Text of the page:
Blueflow venous stent for chronic iliofemoral venous disease “offers favourable primary patency”

Michael Lichtenberg

Deep venous stenting with the Blueflow venous stent (Plus Medica) offers favourable primary patency, and is associated with significant continued improvement of symptom severity in patients with obstructive chronic venous disease (CVD) out to 12 months. Michael Lichtenberg (Vascular Center Arnsberg, Klinikum Hochsauerland, Arnsberg, Germany) et al note this was the main finding of a recent observational, single-centre study published in Vasa: the European Journal of Vascular Medicine, however, the authors suggest that future prospective research on long-term stent patency is required.

In patients with thrombotic or non-thrombotic obstruction, CVD is common following anticoagulation. Post-thrombotic syndrome is a common complication of this, with approximately two-thirds of iliofemoral thrombosis cases presenting due to extrinsic compression of the left-sided iliac vein, known as May-Turner syndrome. In current practice with patients presenting iliofemoral deep vein thrombosis (DVT), anticoagulation does not resolve the occlusive thrombi or prevent post-thrombotic syndrome, despite 100 per 100,000 patients experiencing diagnosis. In light of this, Lichtenberg et al therefore aim to evaluate the effectiveness and safety of the Blueflow venous stent, for the treatment of venous outflow obstruction. 

This observational, single-arm, single-centre study, set out to recruit adults (over the age of 18), with symptomatic, non-malignant, non-thrombotic chronic vein lesions (NIVL) or post-thrombotic venous obstruction (PTO) of the iliofemoral vein segment. These patients received Blueflow venous stent implantation, and it was noted that all patients received periprocedural and postinterventional anticoagulation. The authors also note that patients with venous obstruction proximally from the common iliac vein (CIV) and prior venous stent implantation were excluded from the study.

Lichtenberg and colleagues, report primary patency and clinical improvement as the effective outcomes of this evaluation. In this case, primary patency at 12 months was defined as the cumulative incidence of patients, with the absence of less than 50% diameter obstruction of the treated segment, and modulated venous flow without prior surgical or endovascular recanalisation. The authors also describe that clinical improvement of symptoms were reported using the revised venous clinical severity score (rVCSS) and the comprehensive classification system for CVDCEAP (clinical findings, etiological factors, anatomical cause, pathological cause) clinical score. The study’s safety outcomes, were characterised as recurrent DVT, major bleeding events, clinically driven target vein revascularisation, and index limb major amputation or death.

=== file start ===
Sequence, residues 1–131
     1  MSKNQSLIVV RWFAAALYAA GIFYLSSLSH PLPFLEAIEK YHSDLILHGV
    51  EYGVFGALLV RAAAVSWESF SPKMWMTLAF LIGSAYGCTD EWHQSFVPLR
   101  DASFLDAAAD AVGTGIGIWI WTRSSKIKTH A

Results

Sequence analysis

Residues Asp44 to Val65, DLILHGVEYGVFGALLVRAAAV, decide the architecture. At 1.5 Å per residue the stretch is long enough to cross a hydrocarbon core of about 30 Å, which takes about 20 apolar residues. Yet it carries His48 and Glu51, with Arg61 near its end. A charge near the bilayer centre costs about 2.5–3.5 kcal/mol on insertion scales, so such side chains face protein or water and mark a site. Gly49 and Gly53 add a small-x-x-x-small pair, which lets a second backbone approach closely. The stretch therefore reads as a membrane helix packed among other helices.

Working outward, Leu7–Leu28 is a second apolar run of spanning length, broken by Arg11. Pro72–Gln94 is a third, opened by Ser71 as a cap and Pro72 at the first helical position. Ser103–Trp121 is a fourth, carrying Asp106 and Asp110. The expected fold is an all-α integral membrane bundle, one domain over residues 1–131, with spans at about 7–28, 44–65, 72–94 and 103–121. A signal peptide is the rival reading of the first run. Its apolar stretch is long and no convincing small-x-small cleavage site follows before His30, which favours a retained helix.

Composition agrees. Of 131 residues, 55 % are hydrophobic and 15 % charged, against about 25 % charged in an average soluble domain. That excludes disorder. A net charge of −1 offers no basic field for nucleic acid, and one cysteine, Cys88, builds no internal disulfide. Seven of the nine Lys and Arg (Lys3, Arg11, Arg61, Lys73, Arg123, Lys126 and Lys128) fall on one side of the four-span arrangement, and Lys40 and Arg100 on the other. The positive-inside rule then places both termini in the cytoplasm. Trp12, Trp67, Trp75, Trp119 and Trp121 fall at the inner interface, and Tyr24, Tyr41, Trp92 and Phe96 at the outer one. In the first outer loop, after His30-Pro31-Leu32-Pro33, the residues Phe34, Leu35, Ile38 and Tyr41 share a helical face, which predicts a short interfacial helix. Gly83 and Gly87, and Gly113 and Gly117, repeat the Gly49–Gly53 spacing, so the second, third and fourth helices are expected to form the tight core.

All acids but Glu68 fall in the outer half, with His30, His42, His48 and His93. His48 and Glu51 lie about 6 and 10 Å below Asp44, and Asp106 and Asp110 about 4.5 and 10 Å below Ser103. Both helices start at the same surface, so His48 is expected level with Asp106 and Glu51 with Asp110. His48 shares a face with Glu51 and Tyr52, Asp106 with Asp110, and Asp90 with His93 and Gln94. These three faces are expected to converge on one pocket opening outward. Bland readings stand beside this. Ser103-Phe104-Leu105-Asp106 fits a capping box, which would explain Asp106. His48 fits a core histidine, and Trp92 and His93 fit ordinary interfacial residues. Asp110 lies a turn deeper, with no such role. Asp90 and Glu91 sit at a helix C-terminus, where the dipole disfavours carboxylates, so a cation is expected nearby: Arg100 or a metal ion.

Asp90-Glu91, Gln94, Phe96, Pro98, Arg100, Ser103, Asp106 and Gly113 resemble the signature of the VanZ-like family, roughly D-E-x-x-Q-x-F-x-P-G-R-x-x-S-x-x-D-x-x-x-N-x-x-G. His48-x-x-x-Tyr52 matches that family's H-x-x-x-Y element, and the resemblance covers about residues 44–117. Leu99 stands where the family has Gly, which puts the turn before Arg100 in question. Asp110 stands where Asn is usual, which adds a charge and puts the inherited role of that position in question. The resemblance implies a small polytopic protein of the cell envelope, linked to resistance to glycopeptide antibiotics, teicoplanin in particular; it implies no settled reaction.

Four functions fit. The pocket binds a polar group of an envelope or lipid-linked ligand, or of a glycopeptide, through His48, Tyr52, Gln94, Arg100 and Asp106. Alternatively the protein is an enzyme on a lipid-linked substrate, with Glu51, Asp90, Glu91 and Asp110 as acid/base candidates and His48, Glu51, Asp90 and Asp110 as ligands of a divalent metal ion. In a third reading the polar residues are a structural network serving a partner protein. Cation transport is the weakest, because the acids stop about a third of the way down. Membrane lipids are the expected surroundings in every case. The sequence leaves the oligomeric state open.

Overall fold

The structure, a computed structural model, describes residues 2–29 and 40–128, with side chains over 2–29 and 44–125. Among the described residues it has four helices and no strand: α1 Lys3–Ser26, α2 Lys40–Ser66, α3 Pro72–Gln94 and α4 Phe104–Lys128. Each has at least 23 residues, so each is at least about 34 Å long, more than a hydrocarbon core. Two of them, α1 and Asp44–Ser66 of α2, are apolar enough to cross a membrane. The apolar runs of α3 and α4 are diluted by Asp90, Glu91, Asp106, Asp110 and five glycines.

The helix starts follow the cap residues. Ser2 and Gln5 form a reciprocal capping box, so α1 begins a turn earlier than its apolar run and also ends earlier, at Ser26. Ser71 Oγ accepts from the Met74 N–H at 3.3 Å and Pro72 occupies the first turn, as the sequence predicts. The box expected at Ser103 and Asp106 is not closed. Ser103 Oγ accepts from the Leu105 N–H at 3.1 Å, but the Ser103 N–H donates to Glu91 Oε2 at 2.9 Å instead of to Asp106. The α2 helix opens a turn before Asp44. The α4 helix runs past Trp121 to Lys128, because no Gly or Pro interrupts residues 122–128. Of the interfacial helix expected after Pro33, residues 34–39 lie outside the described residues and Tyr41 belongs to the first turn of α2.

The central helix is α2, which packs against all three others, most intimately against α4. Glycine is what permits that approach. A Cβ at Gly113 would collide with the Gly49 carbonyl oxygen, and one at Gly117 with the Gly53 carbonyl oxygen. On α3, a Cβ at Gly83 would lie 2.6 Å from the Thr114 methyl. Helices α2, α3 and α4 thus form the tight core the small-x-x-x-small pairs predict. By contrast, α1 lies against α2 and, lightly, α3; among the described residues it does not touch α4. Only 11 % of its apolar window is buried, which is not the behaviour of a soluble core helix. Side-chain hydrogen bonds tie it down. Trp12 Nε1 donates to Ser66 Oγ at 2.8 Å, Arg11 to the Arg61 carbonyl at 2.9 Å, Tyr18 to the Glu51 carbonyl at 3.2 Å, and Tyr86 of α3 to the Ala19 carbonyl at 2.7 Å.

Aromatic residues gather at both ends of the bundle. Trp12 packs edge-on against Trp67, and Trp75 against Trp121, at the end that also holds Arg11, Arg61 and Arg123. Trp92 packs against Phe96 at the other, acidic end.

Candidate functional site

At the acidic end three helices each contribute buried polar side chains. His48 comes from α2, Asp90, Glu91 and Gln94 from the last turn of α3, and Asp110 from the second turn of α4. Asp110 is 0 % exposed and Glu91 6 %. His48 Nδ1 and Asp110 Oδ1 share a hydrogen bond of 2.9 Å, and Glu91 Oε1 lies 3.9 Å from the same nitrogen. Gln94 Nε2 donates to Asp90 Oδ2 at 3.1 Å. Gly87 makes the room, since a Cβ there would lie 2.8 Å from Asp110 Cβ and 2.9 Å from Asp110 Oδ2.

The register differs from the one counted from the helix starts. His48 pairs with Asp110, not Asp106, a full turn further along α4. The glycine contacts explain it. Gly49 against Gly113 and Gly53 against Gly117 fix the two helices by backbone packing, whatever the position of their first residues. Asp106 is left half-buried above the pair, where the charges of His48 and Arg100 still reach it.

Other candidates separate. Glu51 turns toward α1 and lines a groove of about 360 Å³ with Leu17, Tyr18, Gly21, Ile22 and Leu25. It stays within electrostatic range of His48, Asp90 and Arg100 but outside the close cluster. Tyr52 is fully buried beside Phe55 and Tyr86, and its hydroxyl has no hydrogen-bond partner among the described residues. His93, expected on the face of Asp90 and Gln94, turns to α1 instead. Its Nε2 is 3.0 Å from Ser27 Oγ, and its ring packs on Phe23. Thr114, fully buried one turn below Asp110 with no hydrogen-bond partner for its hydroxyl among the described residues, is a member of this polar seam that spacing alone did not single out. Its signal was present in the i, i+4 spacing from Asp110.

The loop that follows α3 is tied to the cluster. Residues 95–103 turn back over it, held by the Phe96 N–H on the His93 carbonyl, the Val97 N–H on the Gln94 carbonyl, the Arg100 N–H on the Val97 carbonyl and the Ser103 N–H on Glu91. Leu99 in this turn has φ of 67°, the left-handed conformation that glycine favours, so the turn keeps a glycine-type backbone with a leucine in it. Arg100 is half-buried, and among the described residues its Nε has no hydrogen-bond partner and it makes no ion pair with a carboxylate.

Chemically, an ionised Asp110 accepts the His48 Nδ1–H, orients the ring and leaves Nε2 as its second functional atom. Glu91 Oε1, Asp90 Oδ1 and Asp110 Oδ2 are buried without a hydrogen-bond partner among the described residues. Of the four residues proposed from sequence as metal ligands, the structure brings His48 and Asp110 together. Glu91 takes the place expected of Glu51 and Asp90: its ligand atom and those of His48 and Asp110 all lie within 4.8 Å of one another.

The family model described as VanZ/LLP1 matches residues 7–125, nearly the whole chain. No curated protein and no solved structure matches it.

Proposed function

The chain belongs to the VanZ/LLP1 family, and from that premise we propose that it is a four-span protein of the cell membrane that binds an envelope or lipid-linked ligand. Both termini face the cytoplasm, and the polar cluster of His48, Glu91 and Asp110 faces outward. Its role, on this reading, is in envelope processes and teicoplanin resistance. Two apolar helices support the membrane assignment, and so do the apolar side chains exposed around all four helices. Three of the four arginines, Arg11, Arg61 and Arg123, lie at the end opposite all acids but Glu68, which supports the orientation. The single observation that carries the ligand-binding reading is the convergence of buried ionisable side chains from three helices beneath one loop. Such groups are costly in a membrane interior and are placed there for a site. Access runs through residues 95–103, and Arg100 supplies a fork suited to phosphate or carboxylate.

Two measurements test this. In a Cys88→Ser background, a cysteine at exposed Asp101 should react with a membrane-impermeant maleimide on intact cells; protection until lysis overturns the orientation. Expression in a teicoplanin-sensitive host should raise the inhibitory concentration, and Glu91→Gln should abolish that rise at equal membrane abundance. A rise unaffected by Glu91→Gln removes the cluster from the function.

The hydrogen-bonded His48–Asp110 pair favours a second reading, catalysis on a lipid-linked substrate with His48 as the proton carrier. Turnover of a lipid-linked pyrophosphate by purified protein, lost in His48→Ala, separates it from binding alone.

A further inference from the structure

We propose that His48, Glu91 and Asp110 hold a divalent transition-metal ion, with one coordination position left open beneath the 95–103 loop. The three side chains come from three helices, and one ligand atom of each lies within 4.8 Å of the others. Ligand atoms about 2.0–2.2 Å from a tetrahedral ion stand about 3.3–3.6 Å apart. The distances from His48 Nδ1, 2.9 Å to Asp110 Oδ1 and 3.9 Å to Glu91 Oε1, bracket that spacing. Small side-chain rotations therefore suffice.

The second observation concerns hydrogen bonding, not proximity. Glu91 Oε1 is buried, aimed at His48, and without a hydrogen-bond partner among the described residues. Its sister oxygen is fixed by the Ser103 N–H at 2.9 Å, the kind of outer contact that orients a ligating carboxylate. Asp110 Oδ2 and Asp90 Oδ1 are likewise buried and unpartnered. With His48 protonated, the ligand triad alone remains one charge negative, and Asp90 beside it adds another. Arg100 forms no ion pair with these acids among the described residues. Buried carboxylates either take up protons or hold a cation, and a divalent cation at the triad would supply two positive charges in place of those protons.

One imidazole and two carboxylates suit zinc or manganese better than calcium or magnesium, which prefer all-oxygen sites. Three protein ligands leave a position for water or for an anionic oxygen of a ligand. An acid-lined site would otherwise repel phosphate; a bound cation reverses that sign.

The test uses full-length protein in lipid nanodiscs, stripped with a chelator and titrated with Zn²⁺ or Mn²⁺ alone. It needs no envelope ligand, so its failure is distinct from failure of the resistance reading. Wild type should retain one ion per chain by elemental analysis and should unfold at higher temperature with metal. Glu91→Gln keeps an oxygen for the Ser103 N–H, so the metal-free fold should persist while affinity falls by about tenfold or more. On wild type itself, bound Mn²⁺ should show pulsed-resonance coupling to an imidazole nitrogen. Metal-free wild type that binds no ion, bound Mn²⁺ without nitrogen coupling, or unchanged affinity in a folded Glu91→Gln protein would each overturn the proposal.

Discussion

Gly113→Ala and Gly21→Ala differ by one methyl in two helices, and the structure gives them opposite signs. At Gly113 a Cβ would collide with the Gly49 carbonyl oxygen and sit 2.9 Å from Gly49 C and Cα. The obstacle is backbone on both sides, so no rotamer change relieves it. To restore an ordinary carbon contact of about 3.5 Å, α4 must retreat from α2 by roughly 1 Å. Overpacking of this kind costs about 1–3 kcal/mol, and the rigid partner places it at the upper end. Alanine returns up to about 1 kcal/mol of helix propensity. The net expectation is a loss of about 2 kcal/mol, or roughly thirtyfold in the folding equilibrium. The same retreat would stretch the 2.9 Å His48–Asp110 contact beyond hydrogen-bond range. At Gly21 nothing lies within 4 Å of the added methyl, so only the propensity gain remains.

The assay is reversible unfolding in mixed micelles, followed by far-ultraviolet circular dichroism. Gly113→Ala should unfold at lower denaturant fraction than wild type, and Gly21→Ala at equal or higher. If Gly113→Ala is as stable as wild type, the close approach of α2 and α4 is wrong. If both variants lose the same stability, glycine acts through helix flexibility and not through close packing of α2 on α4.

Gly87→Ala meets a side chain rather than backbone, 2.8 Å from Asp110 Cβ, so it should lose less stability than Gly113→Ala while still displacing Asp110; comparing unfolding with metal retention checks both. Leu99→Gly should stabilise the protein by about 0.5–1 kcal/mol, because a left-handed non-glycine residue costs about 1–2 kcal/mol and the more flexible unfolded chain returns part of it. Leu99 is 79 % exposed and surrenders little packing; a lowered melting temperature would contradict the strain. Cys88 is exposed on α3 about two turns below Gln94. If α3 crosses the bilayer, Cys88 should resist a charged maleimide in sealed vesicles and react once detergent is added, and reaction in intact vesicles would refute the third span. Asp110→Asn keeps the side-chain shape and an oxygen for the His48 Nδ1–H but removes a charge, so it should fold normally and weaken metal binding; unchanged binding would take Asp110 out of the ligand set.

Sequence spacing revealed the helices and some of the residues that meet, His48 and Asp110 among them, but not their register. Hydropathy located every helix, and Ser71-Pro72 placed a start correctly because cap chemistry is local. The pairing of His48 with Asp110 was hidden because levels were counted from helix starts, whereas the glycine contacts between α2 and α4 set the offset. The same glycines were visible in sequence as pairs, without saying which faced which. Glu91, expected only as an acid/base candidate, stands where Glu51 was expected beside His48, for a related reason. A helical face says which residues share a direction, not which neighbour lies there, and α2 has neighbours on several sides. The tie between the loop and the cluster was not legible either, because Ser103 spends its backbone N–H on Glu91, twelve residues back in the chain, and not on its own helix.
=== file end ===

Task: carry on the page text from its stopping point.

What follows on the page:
The authors note that from the period of February 2018 to March 2019, a total of 67 patients with iliofemoral chronic venous outflow obstruction were recruited, consisting of 50.7% females, aged 46±18.1 years. A total of 21 (31.3%) patients presented with NIVL—of which the Blueflow venous stent was fitted in the common iliac vein with extension into the inferior vena cava. Of the patients with NIVL, the average age was 47.3±19.7 (p=0.43), consisting of 17 (81%) females (p=0.001). In addition, 37 (55.2%) of patients demonstrated PTO, consisting of 15 (40.5%) females, with the average age of 42.0±15.5 (p=0.43). The authors also highlight that six-month follow-up was completed in 33 (49.3%) patients, with 12-month follow-up completed across 34 (50.7%) patients. 

Lichtenberg et al describe that a large majority of patients (76.1%) presented a history of previous venous thrombotic disease—of these patients, 97.3% illustrated PTO, compared to 57.1% of patients with NIVL (p<0.001). In respect to patient history, 21.9% were previous or current smokers, 2.4% had hypertension and 17.9% had a history of cancer. Following analysis, it is noted that the median rVCSS score was 8, with median CEAP at 3. In patients with PTO, CEAP class larger than five was more common in comparison to NVIL patients, at 26.5% vs. 4.8% (p=0.04) respectively. 

At six-month follow-up, and 12-month follow-up, 91.7% and 79.8% of patients presented primary patency of the target segment, respectively. The authors highlight that the average survival time of patients did not differ significantly between both NIVL (357 days) and PTO (422 days) patients (p=0.14). Additionally, at 12-month follow-up, a total of 11 patients presented significant limb-based venous outflow obstruction larger than 50 percent—nine of these were receiving anticoagulation during this period. Symptomatic improvement held no association to thrombotic condition at both baseline or stent extension. Furthermore, the authors report that during follow-up, six vein re-interventions were performed, with no major target limb amputation or deaths recorded.

The authors mention several limitations to the study, such as the inability to quantify the effectiveness of the novel braided stent effectiveness due to having no comparator. The patient range of characteristics, such as clinical severity, anatomic extent and DVT duration are suggested to have potentially interacted with the treatment effect, however, this was not possible to determine without a control group and appropriate power. Lastly, the authors recommend that future prospective research on long-term stent patency, in addition to randomised controlled studies, are required to contribute further to evidence, and to specify the place of deep venous stenting in iliofemoral double vessel disease treatment.


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